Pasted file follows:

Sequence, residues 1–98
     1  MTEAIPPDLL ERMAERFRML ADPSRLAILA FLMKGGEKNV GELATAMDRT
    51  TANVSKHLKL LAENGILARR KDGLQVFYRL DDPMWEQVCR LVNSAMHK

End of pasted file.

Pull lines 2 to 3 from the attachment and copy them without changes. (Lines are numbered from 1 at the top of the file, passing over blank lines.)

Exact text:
     1  MTEAIPPDLL ERMAERFRML ADPSRLAILA FLMKGGEKNV GELATAMDRT
    51  TANVSKHLKL LAENGILARR KDGLQVFYRL DDPMWEQVCR LVNSAMHK